Residents chip in on failed Wa-Hi bond

Meeting attendees said the project's size and how it was pitched contributed to its failure.

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WALLA WALLA — Dozens of community members turned out for a public meeting Tuesday to discuss the recently failed bond to renovate Walla Walla High School. More than 60 residents showed up for the meeting, hosted by members of the Walla Walla School Board and Walla Walla Public Schools Superintendent Mick Miller.

School leaders heard many views and suggestions on why the bond failed to reach the needed 60 percent approval during the Feb. 12 special election. A consistent theme of the discussion was that the $69.6 million project was too big. People, particularly those living on fixed incomes, also expressed feeling taxed out. Others said the district could have better publicized or marketed the campaign. And some concerns were raised about a general distrust of the School Board among the voting community.

The district held the meeting the same day election results were certified, showing just over 53 percent of voters supported the $48 million local share of the Wa-Hi proposal.

“We’re here today to listen,” Miller said. “We did something that didn’t resonate with the community enough. We need to go back and find out why that is.”

Dean Lodmell said he had reviewed early options for the high school project when it was still being developed. Some of the dozen options the board reviewed were smaller projects spread over time, more moderate proposals, and some that were even higher in price than the one eventually selected.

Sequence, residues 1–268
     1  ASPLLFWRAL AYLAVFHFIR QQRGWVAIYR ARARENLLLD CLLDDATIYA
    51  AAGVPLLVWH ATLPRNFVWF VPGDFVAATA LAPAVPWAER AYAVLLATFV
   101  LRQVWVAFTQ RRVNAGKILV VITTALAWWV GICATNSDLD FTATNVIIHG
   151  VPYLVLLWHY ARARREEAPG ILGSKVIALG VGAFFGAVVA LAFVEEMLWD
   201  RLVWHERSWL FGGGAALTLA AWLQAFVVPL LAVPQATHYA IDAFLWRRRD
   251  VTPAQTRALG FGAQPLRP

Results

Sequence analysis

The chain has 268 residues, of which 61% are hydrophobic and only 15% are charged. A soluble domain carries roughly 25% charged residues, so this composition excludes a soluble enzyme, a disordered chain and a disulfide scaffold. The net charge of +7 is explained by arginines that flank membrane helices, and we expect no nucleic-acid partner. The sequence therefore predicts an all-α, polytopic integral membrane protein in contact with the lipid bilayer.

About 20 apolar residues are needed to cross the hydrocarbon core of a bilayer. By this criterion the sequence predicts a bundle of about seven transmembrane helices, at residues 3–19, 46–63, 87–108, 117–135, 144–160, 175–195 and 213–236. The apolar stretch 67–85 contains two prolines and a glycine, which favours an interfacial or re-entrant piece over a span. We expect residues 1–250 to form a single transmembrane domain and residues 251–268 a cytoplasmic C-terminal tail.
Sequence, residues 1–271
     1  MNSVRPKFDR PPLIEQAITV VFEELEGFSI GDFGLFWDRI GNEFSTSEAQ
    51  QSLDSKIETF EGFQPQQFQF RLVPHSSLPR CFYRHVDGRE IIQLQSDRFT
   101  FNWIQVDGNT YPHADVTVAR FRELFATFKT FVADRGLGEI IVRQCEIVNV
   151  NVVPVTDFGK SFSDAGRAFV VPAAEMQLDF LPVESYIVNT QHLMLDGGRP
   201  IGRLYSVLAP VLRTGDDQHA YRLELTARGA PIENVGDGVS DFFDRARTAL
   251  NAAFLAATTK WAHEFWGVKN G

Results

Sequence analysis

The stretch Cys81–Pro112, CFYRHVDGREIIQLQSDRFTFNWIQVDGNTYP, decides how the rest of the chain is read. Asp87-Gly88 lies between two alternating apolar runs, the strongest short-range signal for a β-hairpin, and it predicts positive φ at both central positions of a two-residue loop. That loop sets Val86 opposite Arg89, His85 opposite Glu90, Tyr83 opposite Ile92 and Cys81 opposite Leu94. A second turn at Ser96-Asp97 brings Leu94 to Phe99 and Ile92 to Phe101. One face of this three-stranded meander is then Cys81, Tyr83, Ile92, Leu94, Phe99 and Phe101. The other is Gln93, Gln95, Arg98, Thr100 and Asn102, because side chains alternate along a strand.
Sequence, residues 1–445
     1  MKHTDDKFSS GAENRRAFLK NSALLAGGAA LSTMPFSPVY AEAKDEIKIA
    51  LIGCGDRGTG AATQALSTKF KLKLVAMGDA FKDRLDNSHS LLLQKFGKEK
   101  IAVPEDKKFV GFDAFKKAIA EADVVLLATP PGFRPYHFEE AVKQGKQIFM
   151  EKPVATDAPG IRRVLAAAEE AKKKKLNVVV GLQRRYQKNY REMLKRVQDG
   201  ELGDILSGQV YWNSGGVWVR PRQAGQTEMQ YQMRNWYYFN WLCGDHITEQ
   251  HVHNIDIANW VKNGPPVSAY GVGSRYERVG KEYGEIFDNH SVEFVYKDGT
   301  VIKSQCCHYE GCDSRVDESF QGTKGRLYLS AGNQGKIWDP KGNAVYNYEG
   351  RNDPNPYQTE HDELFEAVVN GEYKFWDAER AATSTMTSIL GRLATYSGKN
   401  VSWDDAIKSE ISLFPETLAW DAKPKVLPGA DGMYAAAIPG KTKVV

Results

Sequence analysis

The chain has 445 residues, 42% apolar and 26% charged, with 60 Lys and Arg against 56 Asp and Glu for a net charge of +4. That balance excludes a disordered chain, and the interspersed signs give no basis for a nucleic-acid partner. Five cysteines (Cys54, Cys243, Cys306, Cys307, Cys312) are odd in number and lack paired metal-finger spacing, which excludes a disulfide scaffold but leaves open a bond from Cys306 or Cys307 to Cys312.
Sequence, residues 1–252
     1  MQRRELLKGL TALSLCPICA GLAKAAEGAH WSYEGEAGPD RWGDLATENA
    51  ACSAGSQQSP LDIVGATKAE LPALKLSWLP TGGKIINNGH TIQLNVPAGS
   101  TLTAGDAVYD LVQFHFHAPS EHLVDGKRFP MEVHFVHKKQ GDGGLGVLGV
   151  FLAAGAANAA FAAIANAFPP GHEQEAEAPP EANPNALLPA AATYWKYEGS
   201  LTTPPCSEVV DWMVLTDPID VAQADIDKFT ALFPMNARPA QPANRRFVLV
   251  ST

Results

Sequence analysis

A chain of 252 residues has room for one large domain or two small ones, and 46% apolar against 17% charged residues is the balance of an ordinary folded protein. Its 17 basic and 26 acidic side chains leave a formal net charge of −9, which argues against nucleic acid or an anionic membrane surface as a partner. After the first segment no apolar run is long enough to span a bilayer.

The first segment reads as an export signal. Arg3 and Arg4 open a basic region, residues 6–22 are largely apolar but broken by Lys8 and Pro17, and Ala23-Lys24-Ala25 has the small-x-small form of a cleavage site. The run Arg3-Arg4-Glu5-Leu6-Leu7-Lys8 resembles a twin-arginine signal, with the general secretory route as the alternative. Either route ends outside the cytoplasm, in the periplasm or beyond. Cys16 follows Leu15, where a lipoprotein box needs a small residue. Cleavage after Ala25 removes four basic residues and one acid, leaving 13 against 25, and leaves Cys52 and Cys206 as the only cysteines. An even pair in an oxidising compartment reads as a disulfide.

“I’m saying, go back. Look at those options,” Lodmell said. “Only look at what you need and what you can live with. Don’t go and look at what you want. And I think you can come in with a halfway decent number.”

Lodmell, as well as others who had reviewed the proposal, also said the district needed to be more specific about close to $20 million in project development costs, or soft costs, in the proposal. Those account for items such as new classroom equipment, desks, chairs and computers, and general items such as landscaping that were not itemized.

When asked what he felt were the most pressing needs at Wa-Hi, Miller said he would put the science facilities first, the HVAC systems next, and third would probably be the track. Wa-Hi’s cinder track is unusable when wet and cannot be used for competitions because of insurance problems. Most attendees agreed that the science facilities, overall technology and track needed to be improved.

Voter apathy came up as a theme, and ways were suggested to reach registered voters who didn’t turn out. A few voters said there is still lingering distrust about the School Board’s past decisions to use excess funds for other district needs.

Others said it wasn’t simply the size of the project, but the way it was promoted that hurt the campaign.

A Wa-Hi student who voted for the first time in February said students achieve great things with what they have. It is possible to learn at Wa-Hi. But he hinted at what could be accomplished with better equipment, particularly in science and technology.

“Wa-Hi students are doing great things with what they have,” Kelsey Gabel said. “My top priority would definitely be the technology and the science.”

Gabel said he was also moved by retired adults at the meeting speaking about living on fixed incomes.

“I think it was probably a little bit too expensive and not enough advertising,” he said about the bond.

Several people spoke in defense of the School Board and its hard work, and said the project seemed sound but lacked better promotion and came on too suddenly. A general feeling was expressed by those who voted no that because of its size, the bond was going to become a financial hardship when property taxes rise. And others voiced concern about not knowing when the next district facility need would pop up.

“People in Walla Walla are tired of we need this, we need that,” one man said. “You asked for too much too soon. Way too much too soon.”

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